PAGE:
York to Edinburgh – Britain
DAY 2 – We stopped off in Durham to see its famous castle and the fine Romanesque cathedral. Durham city was built on Island Hill or ‘Dunholm’ in 995. The panoramic view of the Cathedral and Castle has been described as ‘one of the finest architectural experiences of Europe’ and together they are now designated a World Heritage Site.
The castle is a magnificent Norman fortress, built from 1072. In 1837, Durham Castle was handed over to Durham University, which today is a world-class university with 15,000 students. I must say the students of this university are so fortunate to have their education in such a fine place and with such steep history.
Construction of Durham Cathedral took place between 1093 – 1274 and was treated by architects as an experiment for geometric patterning. Within the cathedral you’ll see lozenge shape patterns from prehistoric carvings which are unusual for cathedrals, Chevron patterns on some piers in the nave, indicative of Moorish influence and ribbed vaults criss-crossing above the nave.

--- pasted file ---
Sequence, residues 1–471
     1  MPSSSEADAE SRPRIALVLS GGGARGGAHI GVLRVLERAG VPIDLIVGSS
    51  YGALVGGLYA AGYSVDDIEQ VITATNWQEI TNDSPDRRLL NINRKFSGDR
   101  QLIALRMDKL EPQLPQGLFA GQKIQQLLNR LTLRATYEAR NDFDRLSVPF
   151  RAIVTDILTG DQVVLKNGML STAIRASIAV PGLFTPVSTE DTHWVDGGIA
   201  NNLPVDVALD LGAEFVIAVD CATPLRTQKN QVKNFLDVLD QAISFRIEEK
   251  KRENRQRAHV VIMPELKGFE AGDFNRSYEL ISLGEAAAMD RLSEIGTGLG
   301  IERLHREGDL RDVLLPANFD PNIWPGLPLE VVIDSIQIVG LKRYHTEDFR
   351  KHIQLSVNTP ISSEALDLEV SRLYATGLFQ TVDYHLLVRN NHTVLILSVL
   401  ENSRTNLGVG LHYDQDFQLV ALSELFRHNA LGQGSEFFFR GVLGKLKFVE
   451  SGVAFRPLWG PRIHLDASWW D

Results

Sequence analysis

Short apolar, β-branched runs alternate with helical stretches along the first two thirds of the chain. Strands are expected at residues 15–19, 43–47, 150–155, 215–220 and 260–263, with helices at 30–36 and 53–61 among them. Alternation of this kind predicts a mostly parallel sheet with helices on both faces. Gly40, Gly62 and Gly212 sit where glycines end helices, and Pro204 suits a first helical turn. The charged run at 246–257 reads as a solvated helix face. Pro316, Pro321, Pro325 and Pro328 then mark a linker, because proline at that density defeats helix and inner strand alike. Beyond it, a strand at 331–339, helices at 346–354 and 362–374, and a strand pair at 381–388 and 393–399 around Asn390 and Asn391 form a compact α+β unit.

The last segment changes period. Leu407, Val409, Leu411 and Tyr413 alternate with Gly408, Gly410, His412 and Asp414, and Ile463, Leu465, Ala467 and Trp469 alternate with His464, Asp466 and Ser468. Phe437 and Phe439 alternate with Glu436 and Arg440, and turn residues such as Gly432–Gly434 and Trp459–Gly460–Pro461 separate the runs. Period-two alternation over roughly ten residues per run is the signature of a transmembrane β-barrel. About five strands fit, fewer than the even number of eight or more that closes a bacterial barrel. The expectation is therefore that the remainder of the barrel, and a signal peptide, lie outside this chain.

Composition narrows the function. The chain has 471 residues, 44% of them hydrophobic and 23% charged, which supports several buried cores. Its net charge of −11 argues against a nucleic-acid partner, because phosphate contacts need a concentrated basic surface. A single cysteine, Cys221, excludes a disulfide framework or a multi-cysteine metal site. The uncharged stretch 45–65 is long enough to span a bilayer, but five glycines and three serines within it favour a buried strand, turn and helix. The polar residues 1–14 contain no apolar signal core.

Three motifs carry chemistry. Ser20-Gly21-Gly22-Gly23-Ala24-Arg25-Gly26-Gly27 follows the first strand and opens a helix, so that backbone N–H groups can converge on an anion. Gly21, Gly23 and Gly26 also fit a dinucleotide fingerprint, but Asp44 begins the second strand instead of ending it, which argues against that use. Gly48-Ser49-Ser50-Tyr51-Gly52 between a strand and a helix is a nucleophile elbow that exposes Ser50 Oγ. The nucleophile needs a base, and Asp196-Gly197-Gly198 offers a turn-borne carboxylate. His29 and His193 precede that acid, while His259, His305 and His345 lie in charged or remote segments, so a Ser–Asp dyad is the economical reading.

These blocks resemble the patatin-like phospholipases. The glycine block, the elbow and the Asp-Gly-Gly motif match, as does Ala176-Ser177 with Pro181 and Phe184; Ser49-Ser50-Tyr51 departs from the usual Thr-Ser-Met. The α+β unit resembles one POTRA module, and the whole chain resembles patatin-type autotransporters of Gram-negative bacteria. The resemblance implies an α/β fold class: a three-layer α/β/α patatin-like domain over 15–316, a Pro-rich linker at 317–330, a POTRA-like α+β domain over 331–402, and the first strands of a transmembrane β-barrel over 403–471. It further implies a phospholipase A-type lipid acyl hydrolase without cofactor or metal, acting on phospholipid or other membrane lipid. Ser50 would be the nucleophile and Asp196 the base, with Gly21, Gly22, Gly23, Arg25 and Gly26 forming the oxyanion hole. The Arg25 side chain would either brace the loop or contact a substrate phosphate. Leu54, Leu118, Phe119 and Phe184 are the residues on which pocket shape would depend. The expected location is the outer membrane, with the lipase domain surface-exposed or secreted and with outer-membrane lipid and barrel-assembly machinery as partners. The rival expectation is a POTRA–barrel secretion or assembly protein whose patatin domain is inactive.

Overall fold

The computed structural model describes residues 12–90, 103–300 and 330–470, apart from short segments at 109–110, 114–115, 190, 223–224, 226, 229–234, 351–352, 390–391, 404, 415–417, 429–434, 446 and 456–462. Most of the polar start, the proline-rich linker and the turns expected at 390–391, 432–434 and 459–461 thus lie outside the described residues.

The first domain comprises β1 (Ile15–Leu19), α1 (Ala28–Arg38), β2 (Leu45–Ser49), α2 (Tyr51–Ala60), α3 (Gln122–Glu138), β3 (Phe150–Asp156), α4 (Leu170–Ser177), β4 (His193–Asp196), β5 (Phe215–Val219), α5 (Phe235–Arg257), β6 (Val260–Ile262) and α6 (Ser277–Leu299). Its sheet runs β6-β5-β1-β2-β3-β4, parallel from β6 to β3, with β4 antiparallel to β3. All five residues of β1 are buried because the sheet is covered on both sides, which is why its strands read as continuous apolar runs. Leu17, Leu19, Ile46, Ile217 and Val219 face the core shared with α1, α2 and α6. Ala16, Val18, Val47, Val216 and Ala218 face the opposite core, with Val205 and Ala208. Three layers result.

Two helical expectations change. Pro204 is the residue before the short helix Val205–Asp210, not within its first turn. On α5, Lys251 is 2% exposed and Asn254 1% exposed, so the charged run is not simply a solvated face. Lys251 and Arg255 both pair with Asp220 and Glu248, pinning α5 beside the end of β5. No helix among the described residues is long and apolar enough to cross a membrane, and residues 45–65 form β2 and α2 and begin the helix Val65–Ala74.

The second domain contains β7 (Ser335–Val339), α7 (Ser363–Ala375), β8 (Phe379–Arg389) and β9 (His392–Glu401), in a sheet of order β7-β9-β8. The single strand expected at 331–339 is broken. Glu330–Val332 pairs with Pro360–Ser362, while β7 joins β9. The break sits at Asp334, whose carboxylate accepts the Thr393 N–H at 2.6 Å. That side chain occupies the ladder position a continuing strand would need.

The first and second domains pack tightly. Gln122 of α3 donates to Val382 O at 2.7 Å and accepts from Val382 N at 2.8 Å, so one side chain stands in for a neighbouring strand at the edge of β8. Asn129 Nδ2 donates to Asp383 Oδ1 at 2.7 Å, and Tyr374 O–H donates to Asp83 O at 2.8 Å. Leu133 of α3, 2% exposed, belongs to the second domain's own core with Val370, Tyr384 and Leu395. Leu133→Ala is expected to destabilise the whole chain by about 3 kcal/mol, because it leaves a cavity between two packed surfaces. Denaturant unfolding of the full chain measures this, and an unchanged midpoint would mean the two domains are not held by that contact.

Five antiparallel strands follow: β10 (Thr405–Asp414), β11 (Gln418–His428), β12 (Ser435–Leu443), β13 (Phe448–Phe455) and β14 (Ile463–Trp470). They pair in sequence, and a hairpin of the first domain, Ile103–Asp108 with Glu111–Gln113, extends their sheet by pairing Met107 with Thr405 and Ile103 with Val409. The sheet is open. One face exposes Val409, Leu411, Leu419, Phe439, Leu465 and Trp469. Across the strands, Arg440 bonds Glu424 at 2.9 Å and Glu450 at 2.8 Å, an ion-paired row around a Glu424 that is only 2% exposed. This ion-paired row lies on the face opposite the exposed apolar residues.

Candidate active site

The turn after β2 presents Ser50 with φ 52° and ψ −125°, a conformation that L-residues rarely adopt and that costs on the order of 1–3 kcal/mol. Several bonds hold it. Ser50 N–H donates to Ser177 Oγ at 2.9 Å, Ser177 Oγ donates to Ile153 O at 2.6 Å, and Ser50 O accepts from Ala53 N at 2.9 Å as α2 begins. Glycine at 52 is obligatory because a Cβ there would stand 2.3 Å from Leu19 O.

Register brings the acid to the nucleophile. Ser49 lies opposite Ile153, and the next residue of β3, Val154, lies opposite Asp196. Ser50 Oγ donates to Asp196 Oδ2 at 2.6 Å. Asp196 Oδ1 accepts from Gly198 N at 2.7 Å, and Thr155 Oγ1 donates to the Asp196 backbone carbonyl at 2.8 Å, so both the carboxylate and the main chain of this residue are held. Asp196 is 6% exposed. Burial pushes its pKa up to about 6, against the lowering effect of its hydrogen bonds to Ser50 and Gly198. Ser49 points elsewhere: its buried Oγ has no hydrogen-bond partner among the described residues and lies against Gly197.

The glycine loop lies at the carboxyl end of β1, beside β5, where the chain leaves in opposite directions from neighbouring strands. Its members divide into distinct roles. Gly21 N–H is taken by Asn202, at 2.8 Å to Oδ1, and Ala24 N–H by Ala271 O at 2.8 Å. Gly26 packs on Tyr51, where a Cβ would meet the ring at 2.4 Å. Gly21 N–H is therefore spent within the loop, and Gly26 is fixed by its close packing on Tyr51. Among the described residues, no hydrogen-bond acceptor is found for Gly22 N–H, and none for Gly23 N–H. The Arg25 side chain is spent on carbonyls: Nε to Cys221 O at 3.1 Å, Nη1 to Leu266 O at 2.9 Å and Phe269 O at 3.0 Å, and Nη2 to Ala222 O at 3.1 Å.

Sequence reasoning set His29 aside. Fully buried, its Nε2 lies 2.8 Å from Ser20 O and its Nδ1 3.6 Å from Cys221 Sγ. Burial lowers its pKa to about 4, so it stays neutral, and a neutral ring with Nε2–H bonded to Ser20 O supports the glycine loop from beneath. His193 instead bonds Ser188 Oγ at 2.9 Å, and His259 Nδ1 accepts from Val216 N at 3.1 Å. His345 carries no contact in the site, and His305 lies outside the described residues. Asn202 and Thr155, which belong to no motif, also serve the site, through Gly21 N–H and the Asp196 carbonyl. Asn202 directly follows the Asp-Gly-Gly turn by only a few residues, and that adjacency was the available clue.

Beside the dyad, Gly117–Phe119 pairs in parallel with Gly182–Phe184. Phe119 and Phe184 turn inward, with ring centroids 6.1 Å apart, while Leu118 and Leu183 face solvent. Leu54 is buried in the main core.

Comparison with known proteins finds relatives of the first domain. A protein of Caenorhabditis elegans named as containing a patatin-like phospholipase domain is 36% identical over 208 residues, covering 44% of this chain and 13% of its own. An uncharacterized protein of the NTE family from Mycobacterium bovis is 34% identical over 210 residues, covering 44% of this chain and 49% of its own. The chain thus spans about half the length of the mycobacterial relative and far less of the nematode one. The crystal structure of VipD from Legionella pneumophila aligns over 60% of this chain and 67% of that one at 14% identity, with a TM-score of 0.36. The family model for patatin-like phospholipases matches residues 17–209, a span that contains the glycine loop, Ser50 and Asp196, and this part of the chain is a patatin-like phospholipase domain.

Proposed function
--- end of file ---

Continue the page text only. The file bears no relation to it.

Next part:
Next we travelled north to see Hadrian’s Wall, Britain’s most impressive Roman monument. Emperor Hadrian came to Britain in 120 AD to organize a more robust defence system. He ordered that the wall be erected across northern England to mark the northern limits and the northwest border of the Roman Empire. It was so amazing seeing this wall and everyone dashed off with excitement to take shots. Some went into the paddocks to get a better views, but were booby-trapped by sheep’s droppings. So beware!